Discovering and photographing the unknown beauty of Europe
In the beginning of July 1988, I passed the exams of my first year at university. It had been a difficult year, but I made it! The first thing I did once I got my results was to call my parents. I got my mother on the telephone, and first she was a bit confused, but afterwards when the news sank in, she was overjoyed.
About an hour later, when I came back home, I was surprised when I saw all our neighbors in the street. At first, I thought an accident had happened. But when they saw me coming and they all applauded and cheered, I knew it was for me. You see, as soon as I had finished my telephone call with my mother, she had run outside and had told the good news to all the neighbors. She was proud of me that day. She was happy.
Of course, she was also happy when I graduated. And we celebrated that in style. But that day in 1988 is still more special. That first victory of my university studies. The warm welcome back home. When I was back in my bedroom and I turned on the radio, I heard Fast Car by Tracy Chapman. At that moment, I felt so happy that I started crying. Even today, when I hear the song, I get very emotional.
But there have been times that my mother and I were disconnected from each other. I was a very shy child, a moody teenager and now as an adult, I am very stubborn. I know what I want out of life and I have made choices that my mother didn’t like at all. We are talking boyfriends, jobs, hobbies, travel destinations, and so on. There have been arguments, fierce arguments and once or twice I even broke all contact with my parents.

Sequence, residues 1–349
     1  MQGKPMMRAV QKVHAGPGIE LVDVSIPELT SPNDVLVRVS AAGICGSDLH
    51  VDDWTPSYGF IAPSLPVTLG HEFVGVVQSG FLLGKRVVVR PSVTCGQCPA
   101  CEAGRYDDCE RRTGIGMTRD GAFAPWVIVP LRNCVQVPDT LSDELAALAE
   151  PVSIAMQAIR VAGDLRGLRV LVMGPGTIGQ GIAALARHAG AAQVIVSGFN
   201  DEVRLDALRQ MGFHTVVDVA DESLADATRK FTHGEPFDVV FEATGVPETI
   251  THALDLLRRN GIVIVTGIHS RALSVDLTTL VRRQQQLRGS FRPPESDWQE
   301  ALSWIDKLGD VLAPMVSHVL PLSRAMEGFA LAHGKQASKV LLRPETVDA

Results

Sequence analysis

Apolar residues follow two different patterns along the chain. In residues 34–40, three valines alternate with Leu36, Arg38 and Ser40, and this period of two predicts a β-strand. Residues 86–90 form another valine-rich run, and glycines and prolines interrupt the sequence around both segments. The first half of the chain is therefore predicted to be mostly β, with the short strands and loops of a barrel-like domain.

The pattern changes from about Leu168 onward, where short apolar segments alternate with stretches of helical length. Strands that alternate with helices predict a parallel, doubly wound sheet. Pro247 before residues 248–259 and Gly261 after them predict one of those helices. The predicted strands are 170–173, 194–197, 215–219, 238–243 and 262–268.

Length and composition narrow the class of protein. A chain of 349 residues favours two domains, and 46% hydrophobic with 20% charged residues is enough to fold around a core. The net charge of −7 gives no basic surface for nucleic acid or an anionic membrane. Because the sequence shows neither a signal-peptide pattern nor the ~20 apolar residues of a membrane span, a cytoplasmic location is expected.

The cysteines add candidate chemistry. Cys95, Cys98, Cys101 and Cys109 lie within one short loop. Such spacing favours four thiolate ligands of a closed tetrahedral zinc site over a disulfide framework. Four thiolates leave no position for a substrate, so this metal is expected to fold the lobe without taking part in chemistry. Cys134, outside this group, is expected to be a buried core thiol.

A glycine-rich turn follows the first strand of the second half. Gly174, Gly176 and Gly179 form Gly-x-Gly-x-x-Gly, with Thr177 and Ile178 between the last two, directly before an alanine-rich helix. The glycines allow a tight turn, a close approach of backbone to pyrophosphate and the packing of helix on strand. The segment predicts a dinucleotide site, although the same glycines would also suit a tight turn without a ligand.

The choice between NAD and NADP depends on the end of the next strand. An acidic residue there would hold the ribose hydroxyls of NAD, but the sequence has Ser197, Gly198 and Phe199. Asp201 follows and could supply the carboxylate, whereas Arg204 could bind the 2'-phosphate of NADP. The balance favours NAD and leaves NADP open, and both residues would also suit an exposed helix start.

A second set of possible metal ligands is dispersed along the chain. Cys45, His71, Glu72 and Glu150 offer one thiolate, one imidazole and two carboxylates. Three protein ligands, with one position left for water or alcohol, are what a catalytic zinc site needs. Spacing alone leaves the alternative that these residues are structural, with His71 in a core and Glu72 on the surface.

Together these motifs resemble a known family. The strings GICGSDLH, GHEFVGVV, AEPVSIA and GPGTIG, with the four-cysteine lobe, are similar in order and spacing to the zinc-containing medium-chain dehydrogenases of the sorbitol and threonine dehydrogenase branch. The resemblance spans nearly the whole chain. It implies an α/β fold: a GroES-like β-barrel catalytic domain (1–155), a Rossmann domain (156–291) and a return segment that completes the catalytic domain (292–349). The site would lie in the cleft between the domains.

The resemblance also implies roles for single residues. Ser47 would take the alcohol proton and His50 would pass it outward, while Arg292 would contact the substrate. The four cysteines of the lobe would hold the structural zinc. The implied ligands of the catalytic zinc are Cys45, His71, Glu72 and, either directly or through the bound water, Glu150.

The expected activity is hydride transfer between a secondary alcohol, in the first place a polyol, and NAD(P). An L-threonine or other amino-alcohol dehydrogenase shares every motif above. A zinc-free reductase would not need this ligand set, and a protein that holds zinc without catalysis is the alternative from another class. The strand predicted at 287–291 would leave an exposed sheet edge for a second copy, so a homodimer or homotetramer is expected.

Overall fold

Years have passed and we have silently reconciled. She has accepted my lack of ambition, my way of life and the fact that I don’t like cleaning. She has accepted that I resemble my grand-mother – a woman with whom she had a troubled relationship. The past is the past and we are determined to make the best of the present.
And I have to admit that we did have some good moments together. And that we do have things in common. I remember the Saturdays when we had meatballs in tomato sauce. The Sundays when my father experimented in the kitchen. The restaurants we visited whenever we had something to celebrate. The card games during which my father and I cheated, because you, Mom, were simply too clever. And the travels we made together, although the destinations you chose, were sometimes a bit too crowded for me.
I also know that my mother freaked out when my ex – boyfriend and I drove around in Utah and Arizona and a couple of other States. She worries every time The Viking and I drive to Denmark. And she declared me to be completely crazy when we drove all the way from Belgium to Ukraine.
She reacts that way because I know she loves me. And the feeling is mutual. Happy Birthday, Mom!